John Lennon's Irish island for sale
'Beatles Island,' where Lennon envisioned building a vacation home, is offered for about $387,000 by the farmers who bought it from his widow in 1984.
Post begins below video
Back in 1967, when the idea of the Beatles or any of their fans reaching retirement age seemed too far in the future to fathom, John Lennon bought a 19-acre island off the coast of Ireland for about $2,700.
After Lennon's tragic shooting death in 1980, his widow, Yoko Ono, sold the island where the two had dreamed of living when they were 64 and beyond. The selling price was about 30,000 pounds, about $48,000, which Ono donated to an Irish orphanage.
Twenty-eight years later, the farmers who bought the island from Ono are offering it for sale, saying they are getting older themselves and no longer want to tend their sheep there. Asking price is 300,000 euros, about $387,000.
"The island isn't being used as much as it should be, and they were never going to build on it," listing agent Andrew Crowley of Sherry FitzGerald Crowley told Bloomberg. "The owners are getting on in years, and maintaining their livestock at such a distance isn’t practicable anymore."
The island, which is actually two small islands joined by a walkway, was last regularly inhabited in the 1880s by marine pilots. The foundations of some of their stone homes are still there. You can read a lengthy history of Lennon and the place sometimes called "Beatles Island" at the fan club website Beatles Ireland.
In the early 1970s, during Lennon's ownership, about 25 hippies lived in a commune on the island. The were led by Sid Rawle, known in Britain as "the king of the hippies." They lived in tents and grew some of their own food.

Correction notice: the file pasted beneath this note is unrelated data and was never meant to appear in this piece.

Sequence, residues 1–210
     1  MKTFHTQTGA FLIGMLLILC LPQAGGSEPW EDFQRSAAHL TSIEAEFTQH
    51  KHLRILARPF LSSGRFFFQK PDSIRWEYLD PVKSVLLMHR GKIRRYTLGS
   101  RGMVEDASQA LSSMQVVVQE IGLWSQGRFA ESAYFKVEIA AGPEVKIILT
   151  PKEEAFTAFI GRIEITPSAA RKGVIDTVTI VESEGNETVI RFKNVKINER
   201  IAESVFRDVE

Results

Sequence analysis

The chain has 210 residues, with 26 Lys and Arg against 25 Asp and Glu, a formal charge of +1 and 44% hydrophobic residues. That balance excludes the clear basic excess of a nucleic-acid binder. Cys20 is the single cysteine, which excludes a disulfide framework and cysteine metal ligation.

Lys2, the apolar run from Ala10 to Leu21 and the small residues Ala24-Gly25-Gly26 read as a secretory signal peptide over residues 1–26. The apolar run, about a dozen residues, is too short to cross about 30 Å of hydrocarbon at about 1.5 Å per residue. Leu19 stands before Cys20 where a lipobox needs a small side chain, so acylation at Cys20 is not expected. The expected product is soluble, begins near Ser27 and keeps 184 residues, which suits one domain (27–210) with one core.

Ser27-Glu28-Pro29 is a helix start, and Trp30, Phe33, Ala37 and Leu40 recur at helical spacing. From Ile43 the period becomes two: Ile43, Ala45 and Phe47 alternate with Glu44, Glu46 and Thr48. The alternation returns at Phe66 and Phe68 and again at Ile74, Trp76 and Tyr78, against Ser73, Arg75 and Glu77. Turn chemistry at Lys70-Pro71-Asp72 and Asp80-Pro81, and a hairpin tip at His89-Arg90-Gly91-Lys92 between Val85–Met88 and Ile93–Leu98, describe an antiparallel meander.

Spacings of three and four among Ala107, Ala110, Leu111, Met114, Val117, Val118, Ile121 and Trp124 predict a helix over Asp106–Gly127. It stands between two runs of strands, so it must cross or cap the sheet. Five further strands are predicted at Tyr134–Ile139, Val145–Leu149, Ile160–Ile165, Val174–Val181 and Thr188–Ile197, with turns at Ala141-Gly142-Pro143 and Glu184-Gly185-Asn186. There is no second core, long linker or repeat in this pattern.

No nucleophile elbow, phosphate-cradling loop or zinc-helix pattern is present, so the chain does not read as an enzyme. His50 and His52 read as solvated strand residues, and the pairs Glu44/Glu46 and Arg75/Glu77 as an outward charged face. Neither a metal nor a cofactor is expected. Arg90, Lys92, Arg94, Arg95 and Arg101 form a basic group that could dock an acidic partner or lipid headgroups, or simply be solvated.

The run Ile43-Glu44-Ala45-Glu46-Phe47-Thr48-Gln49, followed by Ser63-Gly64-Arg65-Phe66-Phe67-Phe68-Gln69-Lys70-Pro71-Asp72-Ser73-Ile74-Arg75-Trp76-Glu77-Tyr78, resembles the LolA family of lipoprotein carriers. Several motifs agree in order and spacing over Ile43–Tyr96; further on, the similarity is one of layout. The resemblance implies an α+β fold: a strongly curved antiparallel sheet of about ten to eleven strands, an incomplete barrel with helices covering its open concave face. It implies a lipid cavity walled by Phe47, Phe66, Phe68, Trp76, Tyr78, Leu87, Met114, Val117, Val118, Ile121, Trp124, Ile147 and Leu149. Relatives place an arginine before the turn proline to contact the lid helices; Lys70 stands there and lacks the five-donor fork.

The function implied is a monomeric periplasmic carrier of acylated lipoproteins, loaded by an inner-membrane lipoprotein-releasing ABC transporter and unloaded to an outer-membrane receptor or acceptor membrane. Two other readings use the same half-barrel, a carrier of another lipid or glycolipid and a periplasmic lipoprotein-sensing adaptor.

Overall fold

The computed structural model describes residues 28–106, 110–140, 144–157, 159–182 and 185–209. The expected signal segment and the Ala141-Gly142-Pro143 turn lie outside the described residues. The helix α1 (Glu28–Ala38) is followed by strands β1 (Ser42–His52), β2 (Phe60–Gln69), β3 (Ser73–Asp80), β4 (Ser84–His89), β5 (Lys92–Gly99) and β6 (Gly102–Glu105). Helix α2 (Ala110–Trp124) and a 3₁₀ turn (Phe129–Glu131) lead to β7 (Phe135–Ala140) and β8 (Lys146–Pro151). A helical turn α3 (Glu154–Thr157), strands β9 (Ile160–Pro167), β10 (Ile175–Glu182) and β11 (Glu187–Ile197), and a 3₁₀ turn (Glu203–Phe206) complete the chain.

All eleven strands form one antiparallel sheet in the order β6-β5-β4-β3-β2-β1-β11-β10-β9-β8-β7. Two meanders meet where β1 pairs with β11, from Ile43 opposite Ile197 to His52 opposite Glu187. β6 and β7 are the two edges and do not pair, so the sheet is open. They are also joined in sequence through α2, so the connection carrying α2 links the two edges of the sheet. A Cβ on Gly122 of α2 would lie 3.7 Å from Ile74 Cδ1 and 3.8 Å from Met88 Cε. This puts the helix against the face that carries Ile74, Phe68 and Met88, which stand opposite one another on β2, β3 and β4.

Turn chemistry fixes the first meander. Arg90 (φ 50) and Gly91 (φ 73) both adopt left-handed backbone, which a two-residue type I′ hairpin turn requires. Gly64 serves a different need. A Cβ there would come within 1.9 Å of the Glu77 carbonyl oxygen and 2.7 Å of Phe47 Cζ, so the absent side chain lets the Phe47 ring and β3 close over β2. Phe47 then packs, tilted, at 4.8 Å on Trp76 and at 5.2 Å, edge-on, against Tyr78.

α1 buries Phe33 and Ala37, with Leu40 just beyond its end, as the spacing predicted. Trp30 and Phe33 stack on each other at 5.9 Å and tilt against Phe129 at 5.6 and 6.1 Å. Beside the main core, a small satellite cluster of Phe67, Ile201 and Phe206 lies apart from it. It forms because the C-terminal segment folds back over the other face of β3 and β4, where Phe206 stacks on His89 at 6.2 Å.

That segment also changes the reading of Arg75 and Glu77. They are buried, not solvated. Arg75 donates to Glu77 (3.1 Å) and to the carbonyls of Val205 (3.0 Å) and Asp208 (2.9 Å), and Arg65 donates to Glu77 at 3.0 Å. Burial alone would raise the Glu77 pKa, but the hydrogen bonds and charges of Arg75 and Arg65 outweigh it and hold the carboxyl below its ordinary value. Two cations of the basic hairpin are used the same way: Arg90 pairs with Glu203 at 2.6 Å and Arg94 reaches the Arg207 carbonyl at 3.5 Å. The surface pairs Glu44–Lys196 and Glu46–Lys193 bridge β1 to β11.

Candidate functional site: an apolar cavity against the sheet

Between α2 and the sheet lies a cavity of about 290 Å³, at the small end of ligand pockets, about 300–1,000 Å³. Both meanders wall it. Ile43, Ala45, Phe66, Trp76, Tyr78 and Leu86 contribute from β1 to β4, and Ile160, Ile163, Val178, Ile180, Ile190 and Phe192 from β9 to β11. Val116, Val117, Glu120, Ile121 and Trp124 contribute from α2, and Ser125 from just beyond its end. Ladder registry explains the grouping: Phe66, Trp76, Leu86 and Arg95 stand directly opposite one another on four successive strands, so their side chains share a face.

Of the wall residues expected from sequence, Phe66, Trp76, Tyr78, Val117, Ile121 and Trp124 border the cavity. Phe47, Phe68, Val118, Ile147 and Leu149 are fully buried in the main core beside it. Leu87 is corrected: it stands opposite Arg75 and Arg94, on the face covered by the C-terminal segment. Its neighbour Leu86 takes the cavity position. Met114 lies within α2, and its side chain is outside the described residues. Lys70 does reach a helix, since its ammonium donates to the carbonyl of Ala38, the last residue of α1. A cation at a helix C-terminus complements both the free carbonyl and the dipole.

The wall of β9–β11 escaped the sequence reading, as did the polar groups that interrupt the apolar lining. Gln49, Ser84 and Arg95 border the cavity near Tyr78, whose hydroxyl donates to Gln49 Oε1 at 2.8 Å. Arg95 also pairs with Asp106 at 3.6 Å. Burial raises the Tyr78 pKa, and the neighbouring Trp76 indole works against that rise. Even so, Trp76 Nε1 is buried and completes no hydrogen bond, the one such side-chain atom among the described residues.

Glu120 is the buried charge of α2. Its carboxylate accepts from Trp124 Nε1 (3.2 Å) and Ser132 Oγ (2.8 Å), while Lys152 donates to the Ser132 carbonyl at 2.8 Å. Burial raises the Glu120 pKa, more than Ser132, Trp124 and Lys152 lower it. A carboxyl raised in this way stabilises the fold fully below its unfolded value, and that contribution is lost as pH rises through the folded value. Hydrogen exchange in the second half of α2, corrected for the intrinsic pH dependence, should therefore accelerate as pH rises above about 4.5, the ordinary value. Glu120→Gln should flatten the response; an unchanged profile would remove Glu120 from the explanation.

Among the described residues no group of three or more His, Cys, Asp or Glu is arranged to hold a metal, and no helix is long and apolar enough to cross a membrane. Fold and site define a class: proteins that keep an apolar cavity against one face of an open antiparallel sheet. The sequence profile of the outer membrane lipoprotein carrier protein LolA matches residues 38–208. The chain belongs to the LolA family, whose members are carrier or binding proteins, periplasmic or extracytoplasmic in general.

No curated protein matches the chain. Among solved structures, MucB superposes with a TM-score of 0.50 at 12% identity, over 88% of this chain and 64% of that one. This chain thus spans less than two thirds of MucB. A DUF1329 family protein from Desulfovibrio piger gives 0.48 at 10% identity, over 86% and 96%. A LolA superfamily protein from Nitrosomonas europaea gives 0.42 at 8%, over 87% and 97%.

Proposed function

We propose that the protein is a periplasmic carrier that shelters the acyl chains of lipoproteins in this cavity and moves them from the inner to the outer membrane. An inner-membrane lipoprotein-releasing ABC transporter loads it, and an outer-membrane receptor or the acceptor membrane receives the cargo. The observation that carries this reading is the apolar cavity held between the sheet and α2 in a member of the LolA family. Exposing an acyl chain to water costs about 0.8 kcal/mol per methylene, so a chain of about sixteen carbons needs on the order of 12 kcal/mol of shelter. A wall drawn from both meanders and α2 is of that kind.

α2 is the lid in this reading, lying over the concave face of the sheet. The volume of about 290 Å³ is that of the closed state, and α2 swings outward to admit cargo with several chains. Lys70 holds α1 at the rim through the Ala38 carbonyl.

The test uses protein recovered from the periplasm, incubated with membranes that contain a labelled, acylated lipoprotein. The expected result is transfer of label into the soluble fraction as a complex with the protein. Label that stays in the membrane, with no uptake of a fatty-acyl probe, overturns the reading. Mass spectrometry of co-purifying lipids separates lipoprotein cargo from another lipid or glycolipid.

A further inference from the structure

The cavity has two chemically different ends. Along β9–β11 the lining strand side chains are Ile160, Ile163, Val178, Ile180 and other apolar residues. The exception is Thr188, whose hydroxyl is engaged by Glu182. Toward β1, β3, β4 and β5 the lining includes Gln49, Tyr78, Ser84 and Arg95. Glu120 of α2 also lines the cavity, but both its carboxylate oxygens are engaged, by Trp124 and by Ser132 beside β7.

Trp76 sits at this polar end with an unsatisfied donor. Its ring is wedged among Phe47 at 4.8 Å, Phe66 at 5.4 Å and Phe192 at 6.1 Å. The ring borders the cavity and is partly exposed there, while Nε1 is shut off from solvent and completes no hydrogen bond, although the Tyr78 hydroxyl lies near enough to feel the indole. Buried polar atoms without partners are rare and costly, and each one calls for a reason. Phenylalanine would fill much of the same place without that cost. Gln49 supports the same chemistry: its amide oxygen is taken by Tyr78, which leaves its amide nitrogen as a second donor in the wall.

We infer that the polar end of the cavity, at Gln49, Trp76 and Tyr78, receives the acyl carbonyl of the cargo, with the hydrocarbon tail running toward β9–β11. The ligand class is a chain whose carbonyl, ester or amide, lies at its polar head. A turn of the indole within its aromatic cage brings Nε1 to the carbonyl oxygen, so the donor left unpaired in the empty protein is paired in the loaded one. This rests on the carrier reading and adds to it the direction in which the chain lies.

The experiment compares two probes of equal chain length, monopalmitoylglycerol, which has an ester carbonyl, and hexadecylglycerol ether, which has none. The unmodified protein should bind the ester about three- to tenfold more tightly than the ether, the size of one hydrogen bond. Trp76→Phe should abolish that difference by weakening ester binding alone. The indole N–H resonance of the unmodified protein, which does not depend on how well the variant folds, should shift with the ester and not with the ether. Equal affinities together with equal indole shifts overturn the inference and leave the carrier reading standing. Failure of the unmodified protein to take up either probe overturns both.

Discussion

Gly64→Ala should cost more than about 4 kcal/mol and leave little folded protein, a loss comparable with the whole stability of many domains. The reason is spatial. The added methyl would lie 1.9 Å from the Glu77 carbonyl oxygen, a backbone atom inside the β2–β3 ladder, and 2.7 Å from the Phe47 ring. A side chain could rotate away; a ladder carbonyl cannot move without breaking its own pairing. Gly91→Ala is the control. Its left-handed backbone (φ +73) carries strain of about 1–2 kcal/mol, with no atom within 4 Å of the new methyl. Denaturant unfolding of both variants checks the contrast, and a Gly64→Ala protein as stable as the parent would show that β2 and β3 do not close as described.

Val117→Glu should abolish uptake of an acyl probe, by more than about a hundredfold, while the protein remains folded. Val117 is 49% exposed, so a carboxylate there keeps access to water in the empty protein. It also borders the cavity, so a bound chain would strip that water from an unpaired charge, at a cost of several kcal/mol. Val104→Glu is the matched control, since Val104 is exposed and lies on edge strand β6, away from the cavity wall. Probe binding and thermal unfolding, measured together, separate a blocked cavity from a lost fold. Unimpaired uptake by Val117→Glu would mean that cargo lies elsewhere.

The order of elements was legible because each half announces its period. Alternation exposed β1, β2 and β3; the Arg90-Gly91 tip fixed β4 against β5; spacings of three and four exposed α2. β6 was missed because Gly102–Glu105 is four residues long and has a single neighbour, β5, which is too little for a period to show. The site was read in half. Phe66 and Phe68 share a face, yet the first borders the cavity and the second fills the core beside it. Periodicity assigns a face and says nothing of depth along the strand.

The island, one of about 365 in Clew Bay in County Mayo off the west coast of Ireland, has been on the market since July with no takers. Ireland has suffered a real-estate bust of its own, with the average price of a home down 53% from the peak in 2007, Bloomberg reported.
About a year before he died, Lennon looked into reviving his plans to build a home on the island.
Back in 1971, a writer for Rolling Stone magazine asked the singer what kind of life he envisioned for himself and Ono after he turned 64, which would have happened in 2004. He replied:
"I hope we're a nice old couple living off the coast of Ireland or something like that — looking out at our scrapbook of madness."
John Lennon changed the way a generation viewed the world thru his music, he was a working class hero, as to any comments about drugs, it was the way God came to that generation
About Teresa Mears
Teresa Mears is a veteran journalist who has been interested in houses since her father took her to tax auctions to carry the cash at age 10. A former editor of The Miami Herald's Home & Design section, she lives in South Florida where, in addition to writing about real estate, she publishes Miami on the Cheap to help her neighbors adjust to the loss of 60% of their property value.